AWF Virtual Safaris commits to bridging gap in African tourism until international travel resumes
AWF has been closely monitoring the difficult situation for safari operators in Africa since the outset of the pandemic when travel bans and government closures began impacting protected areas and local communities on the front lines of wildlife conservation. On World Tourism Day, celebrated on Sunday, African Wildlife Foundation detailed the ongoing challenges caused by the stoppage of wildlife tourism in conservation areas in African in an opinion piece in The Independent UK and another opinion piece on the fate of tourism after COVID in The Standard Newspaper.
In April, AWF convened a meeting of 12 CEOs of leading safari companies operating in Africa to update the impact of COVID-19 on their core business operations, threats to wildlife conservation areas (including food security), and the best ways for organizations like ours to assist the tourism industry to help keep wildlife protected and livelihood afloat in local communities that rely on tourism. We knew from the outset that an abrupt and total collapse of the safari tourism industry in Africa was taking place continent-wide.
The tourism industry has never dealt with an economic blow of this magnitude and duration before. Our largest overarching concern during the ongoing pandemic is that people in wildlife communities, who typically gain from tourism dollars, will loosen their commitment to conservation behaviors as they seek alternatives to provide for their families, and that three decades of conservation progress may now be in retreat.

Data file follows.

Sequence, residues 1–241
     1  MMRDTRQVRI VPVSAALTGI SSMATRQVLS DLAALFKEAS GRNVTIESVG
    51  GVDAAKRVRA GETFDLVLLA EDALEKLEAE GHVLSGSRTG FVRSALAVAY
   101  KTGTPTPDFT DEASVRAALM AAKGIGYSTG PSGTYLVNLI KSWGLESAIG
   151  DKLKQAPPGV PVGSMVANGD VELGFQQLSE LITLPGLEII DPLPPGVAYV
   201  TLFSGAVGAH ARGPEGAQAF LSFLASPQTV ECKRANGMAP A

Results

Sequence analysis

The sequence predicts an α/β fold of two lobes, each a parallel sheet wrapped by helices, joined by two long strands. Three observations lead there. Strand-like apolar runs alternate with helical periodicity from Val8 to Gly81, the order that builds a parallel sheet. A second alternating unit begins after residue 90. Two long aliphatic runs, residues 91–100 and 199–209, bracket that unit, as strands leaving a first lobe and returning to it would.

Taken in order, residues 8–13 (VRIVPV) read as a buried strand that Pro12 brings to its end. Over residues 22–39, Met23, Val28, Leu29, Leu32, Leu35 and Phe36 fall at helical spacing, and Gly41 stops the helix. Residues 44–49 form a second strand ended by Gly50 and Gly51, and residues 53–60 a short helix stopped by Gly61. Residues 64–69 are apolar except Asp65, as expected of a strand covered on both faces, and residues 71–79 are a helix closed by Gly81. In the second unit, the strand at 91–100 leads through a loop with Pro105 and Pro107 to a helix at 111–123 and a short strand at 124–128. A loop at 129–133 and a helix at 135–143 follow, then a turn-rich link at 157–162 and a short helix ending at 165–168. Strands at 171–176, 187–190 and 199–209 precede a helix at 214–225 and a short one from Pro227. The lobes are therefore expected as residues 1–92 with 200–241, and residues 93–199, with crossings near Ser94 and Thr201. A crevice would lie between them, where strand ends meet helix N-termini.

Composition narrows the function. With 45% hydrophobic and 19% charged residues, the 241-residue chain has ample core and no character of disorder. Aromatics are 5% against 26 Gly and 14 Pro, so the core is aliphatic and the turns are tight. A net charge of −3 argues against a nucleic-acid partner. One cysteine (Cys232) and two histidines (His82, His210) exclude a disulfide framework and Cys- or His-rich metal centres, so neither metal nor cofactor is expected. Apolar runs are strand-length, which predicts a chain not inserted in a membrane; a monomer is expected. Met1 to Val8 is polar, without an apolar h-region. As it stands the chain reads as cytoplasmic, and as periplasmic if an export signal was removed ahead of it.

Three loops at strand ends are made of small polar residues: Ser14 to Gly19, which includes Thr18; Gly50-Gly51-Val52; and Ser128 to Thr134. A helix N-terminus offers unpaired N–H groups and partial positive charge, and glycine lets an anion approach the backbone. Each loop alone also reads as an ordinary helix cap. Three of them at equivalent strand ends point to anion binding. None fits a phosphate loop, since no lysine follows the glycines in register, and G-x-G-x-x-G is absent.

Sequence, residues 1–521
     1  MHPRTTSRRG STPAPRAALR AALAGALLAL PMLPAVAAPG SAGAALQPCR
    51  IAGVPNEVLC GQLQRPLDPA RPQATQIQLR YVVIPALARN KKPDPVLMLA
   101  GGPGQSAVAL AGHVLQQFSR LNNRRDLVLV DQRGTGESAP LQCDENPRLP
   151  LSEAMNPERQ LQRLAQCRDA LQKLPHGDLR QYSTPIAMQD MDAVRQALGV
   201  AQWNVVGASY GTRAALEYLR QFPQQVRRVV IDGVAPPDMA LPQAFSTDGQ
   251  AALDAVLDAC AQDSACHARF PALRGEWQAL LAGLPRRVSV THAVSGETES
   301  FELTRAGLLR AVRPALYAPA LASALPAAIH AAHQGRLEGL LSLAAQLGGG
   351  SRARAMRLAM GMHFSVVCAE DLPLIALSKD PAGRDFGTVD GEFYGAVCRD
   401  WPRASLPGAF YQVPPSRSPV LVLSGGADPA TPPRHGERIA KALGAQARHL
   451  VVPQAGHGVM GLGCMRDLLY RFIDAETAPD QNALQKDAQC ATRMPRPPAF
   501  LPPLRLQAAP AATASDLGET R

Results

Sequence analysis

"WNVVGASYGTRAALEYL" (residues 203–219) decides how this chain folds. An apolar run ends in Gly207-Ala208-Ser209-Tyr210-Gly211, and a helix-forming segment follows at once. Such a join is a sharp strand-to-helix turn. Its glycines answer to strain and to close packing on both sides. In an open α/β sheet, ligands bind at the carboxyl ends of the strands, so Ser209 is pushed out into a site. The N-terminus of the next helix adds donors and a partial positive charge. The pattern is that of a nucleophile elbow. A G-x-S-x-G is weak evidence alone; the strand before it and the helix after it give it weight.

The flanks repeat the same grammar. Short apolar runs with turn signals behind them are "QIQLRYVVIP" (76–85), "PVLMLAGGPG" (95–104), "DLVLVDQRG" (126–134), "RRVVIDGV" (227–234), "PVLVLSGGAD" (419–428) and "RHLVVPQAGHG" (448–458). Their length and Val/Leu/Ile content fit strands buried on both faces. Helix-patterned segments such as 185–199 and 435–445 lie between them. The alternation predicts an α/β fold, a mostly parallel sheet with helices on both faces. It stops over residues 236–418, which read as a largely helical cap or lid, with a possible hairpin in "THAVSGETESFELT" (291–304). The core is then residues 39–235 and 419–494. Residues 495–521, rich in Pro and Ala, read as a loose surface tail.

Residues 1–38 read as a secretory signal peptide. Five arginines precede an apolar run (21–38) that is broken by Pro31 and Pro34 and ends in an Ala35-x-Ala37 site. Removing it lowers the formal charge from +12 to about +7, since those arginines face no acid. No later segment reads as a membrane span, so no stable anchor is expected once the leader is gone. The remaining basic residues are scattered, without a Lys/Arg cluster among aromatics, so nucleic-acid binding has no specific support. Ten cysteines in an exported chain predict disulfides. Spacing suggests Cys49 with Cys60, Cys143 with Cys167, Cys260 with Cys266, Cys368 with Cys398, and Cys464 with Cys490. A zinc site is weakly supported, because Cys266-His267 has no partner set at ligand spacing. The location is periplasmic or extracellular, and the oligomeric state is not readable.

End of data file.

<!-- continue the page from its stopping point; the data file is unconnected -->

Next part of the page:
AWF Safari Program Manager Carter Smith said: “During our process of identifying how to assist our partners in the safari industry, we recognized the opportunity to share the information with donors through virtual safaris. Many tourists have been introduced to the concept of virtual safaris – to experience wild animals and wildlands from the comfort of an arm chair. Our blue print was to reverse-engineer events to help both the safari-goers, who are grounded from international travel, and the communities in Africa on the front lines of wildlife conservation.”
In order for virtual safaris to truly benefit both sides of the equation, they need to give participants an insider’s view to the wildlife conservation work on the ground, and introduce them to the heroes who are working tirelessly to defend Africa’s wildlife and wildlands. By pivoting to virtual safaris, wildlife tourists have a chance to hear stories of perseverance, develop meaningful connections, and learn how they can engage and support the communities and field programs protecting wildlife directly.
Source: Travel Daily News